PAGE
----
Understanding a Basic Mitre Saw – Features & Benefits

These basic mitre cutting saws can be adjusted to make a mitre or angled cut. They can also do straightforward 90 degree cuts, commonly known as cross cuts. The type of projects these can be used for are:

  • Trimming studs
  • Frame making
  • Making planter boxes
  • Skirting boards
  • Dado rails
  • Cutting floor boards
  • Working on faces and architraves
  • General purpose saw

Standard saws like this were very popular a few years back. They only do basic straight and mitre cuts so when the compound version of this came out it quickly became the most popular. These days the price difference is so small that most people will simply buy a compound saw.

Now you don’t have to, but for an extra few pounds I would recommend that you do, simply because you can just do about any project around the home if you own one.

Mitre Saw vs Chop Saw Confusion

These are often referred to as chop saws or drop saws. However a mitre saw and a chop saw are not quite the same thing. It is a term that is often confused by so many people. That is totally the fault of people in the construction industry who are casual in their approach to describing saws.

A chop saw or drop saw will simply do a basic 90 degree cut and that is all it will do. It can not cut a mitre joint. The term “chop” was introduced as a trendy word for a quick cut.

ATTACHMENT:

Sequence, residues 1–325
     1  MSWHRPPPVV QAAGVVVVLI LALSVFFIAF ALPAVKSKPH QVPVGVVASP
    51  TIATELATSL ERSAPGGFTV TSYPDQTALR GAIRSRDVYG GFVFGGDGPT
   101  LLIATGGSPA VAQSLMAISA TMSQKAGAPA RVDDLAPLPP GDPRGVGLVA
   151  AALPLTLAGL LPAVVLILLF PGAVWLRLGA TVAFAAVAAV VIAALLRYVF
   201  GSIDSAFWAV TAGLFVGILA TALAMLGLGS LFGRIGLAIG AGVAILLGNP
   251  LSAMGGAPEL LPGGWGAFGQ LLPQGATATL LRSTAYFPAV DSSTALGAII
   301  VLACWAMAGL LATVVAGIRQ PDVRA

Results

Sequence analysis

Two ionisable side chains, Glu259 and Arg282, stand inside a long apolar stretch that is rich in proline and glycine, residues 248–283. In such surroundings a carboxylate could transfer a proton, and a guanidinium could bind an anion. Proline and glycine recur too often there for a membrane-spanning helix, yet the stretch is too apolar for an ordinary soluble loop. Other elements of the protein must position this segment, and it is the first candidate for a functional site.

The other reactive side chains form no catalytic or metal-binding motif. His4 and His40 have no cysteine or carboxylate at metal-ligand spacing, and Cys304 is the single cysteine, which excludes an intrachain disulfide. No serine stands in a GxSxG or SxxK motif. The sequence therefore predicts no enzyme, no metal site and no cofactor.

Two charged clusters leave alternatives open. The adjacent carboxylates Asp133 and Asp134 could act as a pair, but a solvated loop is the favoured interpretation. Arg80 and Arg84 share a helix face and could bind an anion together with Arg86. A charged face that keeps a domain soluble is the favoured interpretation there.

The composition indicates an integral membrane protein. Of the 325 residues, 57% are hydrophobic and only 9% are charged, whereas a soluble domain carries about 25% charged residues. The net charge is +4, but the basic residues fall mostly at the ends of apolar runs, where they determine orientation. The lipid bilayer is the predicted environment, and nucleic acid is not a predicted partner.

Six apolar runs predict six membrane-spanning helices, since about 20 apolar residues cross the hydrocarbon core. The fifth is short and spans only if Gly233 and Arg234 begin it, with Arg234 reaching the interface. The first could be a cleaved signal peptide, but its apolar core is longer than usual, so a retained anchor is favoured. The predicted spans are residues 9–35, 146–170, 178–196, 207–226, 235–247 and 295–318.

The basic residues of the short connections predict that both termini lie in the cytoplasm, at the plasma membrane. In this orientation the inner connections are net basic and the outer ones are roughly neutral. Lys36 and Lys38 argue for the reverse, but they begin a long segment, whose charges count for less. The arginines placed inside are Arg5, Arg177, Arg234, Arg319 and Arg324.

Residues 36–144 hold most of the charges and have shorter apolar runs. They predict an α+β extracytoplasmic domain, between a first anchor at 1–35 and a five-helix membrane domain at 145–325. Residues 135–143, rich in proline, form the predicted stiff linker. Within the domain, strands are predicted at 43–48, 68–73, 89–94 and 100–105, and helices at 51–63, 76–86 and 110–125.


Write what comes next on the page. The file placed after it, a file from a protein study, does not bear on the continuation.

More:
You could of course do this with a mitre saw or a circular saw but that as you can see, is not the only purpose of a mitre or compound saw. Hopefully that clears up an often confusing and misused term.

Understand The Basic Functions of A Standard Mitre Saw

This is the most basic of all of the mitre range and it simply makes straight cross cuts and different angles of mitre joints.

These were the original saws that came out on the market place, and for many DIY people, hobbyists and people who do home improvement projects, the honest reality is that these will do nicely. They can cut the most common angles which are:

  • 90 degree angles
  • 45 degree angles
  • 22.5 degree angles (for octagonal shapes)

So many people are persuaded to buy either compound or sliding saws that in all honesty they simply don’t need. We have used this type of saw to lay floorboards, work on skirtings, fit kitchens, make fences and gates and just about anything else you can think of. So it is certainly possible to buy and use a basic saw like this.

photo of basic mitre saw

It is hard to find a basic saw these days so something like the Makita MLS 100 is just about perfect for this type of work and it is something that will last for many years to come. This is also a compound saw so that will open up the range of work that you can do.

What we would say is that many professional contractors would be limited by having a saw like this, and for people who like to do a lot of woodworking, this type of mitre saw certainly has its limitations. That said, your typical DIY person will only ever require to own one of these types of saw.

The Right Saw for The Work You Do

We would also advise against getting drawn in to the arguments made by the “so called experts” who make strong arguments for buying compound or sliding saws. The best way to think of this is to compare this purchase to buying a coffee machine.